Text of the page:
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Computational modelling of the PI3K/mTOR signalling network to discover novel cancer therapies

The PI3K-Akt-mTOR signalling network plays a pivotal role in the regulation of cell growth and proliferation, and is highly complex with multiple feedback loops, pathway crosstalk, upstream regulators and downstream functions. Its frequent aberrations in cancers makes this network an important therapeutic target, and indeed many targeted drugs have been developed directed at its components. However, the clinical success in inhibiting PI3K, Akt, mTORC1 and/or mTORC2 has been disappointing due to the emergence of drug resistance. This project will employ an innovative and integrative approach that combines computational network modelling with cutting-edge experimentation to gain a systems-level understanding of the network dynamics in cancer cells before and after drug treatment. This knowledge together with model simulations will help design new therapeutic strategies that exploit network vulnerabilities and are capable of overcoming resistance. Predictions will then be tested experimentally in the wet lab. Our lab has both dry- and wet-lab capacities that enable the iterative cycles of model refinement and experimental validation integral to this systems approach. Students will work in a highly stimulating and interdisciplinary research environment consisting of both computational and experimental scientists. Students with either excellent computational (physics, maths, engineering, etc.) or experimental background (or both) are encouraged to apply.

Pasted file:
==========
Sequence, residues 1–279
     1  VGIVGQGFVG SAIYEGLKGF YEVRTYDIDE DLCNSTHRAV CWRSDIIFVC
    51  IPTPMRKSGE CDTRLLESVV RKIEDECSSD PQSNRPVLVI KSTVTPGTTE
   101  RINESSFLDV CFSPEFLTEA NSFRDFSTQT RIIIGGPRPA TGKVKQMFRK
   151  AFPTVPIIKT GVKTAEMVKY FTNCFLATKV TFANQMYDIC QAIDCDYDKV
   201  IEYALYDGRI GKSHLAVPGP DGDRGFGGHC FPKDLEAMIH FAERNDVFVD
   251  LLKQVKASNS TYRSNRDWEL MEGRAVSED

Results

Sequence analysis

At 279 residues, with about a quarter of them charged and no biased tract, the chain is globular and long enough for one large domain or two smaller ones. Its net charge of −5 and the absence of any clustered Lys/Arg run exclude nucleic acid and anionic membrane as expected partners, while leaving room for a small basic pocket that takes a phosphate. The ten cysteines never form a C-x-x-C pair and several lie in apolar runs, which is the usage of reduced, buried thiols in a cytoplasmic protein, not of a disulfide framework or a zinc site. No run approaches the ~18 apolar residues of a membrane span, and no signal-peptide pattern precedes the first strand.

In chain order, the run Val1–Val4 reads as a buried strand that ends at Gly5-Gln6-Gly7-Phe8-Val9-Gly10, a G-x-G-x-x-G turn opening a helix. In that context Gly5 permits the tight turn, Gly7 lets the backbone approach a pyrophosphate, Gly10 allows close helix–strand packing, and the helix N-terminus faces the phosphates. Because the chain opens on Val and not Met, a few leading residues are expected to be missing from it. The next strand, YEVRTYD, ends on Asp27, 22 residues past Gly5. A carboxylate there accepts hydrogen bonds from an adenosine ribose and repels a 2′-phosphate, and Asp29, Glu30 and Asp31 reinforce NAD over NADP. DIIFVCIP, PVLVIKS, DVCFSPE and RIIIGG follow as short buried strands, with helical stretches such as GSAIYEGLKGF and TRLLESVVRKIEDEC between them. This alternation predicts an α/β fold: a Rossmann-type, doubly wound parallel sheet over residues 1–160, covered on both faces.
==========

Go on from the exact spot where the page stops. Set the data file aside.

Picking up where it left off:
Essential criteria: 
Minimum entry requirements can be found here:
PI3K-Akt-mTOR signalling, mathematical modelling, targeted therapy, cell signalling, systems biology, Department of Biochemistry & Molecular Biology
Available options 
Masters by research
Short projects
Time commitment 
Top-up scholarship funding available 
Physical location 
Clayton Campus

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